Generally speaking, maxing out your retirement accounts should be your first priority due to their tax advantages. If you are able to contribute the maximum to your retirement accounts, you can always open a brokerage account.

You have plenty of options for brokerage accounts, but we have a strong preference for holding Motley Fool stock picks in an M1 Finance brokerage account.

What Should My Net Worth Be By 40?

At this point, a general recommendation is to have twice your income saved. You may also want to consider lowering your stock allocation to 60%.

Header

Median

Mean

Net worth (35-44)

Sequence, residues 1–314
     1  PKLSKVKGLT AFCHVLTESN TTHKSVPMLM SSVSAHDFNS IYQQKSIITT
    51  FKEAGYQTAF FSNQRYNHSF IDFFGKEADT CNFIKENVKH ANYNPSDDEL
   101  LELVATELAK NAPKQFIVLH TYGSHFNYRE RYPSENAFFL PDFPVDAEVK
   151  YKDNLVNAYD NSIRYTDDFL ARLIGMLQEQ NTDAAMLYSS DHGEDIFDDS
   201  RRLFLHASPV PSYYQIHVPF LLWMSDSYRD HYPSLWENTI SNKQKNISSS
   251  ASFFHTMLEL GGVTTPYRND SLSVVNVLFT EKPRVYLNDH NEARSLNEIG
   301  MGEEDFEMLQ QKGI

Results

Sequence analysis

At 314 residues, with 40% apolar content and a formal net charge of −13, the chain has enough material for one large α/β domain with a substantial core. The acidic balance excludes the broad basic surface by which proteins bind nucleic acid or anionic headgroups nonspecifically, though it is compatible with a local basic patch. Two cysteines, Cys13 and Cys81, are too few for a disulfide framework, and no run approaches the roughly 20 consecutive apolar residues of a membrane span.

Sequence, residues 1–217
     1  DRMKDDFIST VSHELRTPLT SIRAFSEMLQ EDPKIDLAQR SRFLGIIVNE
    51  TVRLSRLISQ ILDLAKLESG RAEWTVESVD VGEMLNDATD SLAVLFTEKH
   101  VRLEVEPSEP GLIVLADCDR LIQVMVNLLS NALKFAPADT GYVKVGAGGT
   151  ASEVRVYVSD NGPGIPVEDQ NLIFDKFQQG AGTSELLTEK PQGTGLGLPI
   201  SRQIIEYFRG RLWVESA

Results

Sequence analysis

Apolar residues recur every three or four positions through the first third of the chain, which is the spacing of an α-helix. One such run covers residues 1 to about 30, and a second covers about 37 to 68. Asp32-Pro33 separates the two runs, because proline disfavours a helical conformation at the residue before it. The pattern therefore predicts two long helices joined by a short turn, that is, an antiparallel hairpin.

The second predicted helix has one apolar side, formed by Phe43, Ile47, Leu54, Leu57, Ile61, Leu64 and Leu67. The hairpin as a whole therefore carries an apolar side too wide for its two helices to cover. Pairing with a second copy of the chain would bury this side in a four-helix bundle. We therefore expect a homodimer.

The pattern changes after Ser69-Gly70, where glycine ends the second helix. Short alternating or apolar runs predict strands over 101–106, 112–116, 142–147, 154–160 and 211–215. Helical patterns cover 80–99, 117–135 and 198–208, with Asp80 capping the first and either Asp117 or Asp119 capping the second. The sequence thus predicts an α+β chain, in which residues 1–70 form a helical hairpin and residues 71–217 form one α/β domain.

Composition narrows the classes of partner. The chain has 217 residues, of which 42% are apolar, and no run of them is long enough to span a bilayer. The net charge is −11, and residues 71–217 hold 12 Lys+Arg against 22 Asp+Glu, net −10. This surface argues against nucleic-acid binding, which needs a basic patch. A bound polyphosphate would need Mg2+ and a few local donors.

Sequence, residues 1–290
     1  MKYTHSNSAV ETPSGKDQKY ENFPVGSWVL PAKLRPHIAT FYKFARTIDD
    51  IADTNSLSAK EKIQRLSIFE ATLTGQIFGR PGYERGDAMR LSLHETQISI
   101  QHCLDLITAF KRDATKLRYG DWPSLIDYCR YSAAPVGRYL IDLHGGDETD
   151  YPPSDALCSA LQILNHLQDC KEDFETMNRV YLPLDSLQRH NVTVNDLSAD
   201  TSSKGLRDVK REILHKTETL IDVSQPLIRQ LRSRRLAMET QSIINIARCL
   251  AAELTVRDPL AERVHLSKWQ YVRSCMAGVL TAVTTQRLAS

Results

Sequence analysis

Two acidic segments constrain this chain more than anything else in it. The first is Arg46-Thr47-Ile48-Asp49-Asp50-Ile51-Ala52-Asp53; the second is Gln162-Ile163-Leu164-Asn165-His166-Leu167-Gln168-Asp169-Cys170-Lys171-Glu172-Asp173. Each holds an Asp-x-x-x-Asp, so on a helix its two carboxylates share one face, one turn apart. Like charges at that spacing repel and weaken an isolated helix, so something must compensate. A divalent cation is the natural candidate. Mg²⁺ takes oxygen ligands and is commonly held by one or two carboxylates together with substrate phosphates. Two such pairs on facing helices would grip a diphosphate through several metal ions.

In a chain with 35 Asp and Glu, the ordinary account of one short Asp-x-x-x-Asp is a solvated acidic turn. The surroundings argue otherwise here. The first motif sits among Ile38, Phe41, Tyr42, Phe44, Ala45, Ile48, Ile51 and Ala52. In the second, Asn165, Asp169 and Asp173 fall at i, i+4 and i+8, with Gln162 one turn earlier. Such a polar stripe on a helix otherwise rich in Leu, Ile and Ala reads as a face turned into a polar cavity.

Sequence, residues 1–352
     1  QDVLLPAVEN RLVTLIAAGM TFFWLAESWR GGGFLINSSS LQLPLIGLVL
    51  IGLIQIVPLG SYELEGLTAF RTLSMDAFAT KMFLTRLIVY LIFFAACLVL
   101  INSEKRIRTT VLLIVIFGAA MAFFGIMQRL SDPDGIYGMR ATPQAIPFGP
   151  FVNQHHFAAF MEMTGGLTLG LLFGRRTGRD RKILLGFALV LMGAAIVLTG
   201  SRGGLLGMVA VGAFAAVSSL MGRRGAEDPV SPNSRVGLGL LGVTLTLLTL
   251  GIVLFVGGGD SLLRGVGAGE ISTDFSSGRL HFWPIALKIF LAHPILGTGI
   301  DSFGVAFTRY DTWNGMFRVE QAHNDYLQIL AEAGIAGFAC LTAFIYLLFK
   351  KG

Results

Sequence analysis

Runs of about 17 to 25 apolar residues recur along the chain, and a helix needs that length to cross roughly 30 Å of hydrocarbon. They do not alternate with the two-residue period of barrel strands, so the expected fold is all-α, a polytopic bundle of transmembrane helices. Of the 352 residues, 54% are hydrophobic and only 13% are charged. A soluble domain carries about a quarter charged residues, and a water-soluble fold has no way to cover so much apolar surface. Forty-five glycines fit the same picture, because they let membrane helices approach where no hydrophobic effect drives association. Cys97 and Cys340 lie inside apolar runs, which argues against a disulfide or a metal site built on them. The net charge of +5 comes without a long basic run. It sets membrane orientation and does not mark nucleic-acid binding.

$91,300

$436,200

Income (35-44)

$74,300

$110,000

The median net worth for those aged 35-44 was $91,300 in 2019. Meanwhile, the mean net worth was $436,200.

The median before-tax household income for those aged 35-44 in 2019 was $74,300, compared to a mean of $110,000. Thus, if you fall at the median for both income and net worth, you are still behind!

Truthfully, this isn’t a shocking revelation, but it shows how important it is to save. If you open an M1 Finance Roth IRA, it’s a lot easier to invest and grow your net worth.

What Should My Net Worth Be By 50?

The recommendation for age 50 is to have four times your income saved. Plus, you may want to make your portfolio 50/50 for stocks and bonds.

Header

Median

Mean

Net worth (45-54)

$168,600

$833,200

Income (45-54)

$77,800

$145,300

The median household net worth for those aged 45-54 was $168,600 in 2019. The mean was $833,200.